Solitude teaches us the truth about what we actually need in our need. We don’t necessarily need the outcome we are hoping for OR the answers we greatly desire. Circumstantial relief is not reliable in the world of time and space that we live in. But the presence and comfort of the Trinity is a promise.

When I am in the midst of worry, change, loneliness, pressure or problem solving, I can be disturbed by my tendency to fill up my chest with my need for answers and outcome. I think I know how to get relief. My mind conjures up answers with to do lists. But, in solitude, I am led to find that my need is his presence. Everything I desire lies in his presence.

Questions to ask in solitude

As I gear up for my beach walk, I ask God, “What are you up to and What do you have to say?”

This is a good way to start because it lets God set the tone. If left to me and my quivering heart, I would jump to – God, what have I done wrong and how can I do better? I know those aren’t the questions he’s looking for me to ask. I order the conversation with God going first.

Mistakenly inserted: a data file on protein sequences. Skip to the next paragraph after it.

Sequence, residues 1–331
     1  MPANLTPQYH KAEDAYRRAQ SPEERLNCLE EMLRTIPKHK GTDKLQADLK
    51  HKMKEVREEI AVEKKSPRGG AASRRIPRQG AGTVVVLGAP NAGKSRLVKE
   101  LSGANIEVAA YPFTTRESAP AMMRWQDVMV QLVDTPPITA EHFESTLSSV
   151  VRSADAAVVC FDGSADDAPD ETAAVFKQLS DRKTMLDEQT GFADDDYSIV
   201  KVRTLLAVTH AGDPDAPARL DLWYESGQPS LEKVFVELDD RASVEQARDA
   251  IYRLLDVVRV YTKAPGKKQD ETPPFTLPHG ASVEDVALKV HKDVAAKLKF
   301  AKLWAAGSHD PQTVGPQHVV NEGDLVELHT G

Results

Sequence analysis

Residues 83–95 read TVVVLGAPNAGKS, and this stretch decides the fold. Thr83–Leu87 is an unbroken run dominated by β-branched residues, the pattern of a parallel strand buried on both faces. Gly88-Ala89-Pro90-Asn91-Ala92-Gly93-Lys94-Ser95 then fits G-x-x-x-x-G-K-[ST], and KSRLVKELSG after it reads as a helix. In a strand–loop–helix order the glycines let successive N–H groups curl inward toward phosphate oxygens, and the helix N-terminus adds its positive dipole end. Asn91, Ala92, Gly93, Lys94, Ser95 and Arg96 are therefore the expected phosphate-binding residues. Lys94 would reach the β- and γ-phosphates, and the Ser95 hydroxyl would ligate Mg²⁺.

This positive practice of ordering the conversation has taught me that my father has good things to say. Along those same lines, his plans are good. Even though I may have hard or bad things happening in my life at any given time, his goodness tells me that the outcome also will be good.

We are not waiting for the other shoe to drop. We are not waiting for God to turn his back because he has other stuff going on. I don’t know exactly how I have reconciled bad things with his goodness, but solitude plays a role. His truth rather than my faulty truth becomes central when I am committed to the practice of solitude.

Are you convinced that solitude is a worthy spiritual practice? Are you already practicing it? Will you give it a try?

Reflection Questions